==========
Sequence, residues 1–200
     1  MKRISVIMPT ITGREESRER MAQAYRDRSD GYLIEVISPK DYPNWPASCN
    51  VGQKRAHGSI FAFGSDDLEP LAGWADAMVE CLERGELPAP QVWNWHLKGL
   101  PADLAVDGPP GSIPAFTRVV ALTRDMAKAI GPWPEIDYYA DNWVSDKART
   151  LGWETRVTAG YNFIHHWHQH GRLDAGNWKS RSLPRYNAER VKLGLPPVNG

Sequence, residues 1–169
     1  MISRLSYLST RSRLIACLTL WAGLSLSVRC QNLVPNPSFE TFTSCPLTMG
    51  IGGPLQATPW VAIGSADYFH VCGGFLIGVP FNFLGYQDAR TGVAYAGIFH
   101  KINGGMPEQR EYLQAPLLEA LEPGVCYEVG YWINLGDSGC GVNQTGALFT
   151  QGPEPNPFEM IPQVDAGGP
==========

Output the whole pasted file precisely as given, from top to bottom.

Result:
Sequence, residues 1–200
     1  MKRISVIMPT ITGREESRER MAQAYRDRSD GYLIEVISPK DYPNWPASCN
    51  VGQKRAHGSI FAFGSDDLEP LAGWADAMVE CLERGELPAP QVWNWHLKGL
   101  PADLAVDGPP GSIPAFTRVV ALTRDMAKAI GPWPEIDYYA DNWVSDKART
   151  LGWETRVTAG YNFIHHWHQH GRLDAGNWKS RSLPRYNAER VKLGLPPVNG

Sequence, residues 1–169
     1  MISRLSYLST RSRLIACLTL WAGLSLSVRC QNLVPNPSFE TFTSCPLTMG
    51  IGGPLQATPW VAIGSADYFH VCGGFLIGVP FNFLGYQDAR TGVAYAGIFH
   101  KINGGMPEQR EYLQAPLLEA LEPGVCYEVG YWINLGDSGC GVNQTGALFT
   151  QGPEPNPFEM IPQVDAGGP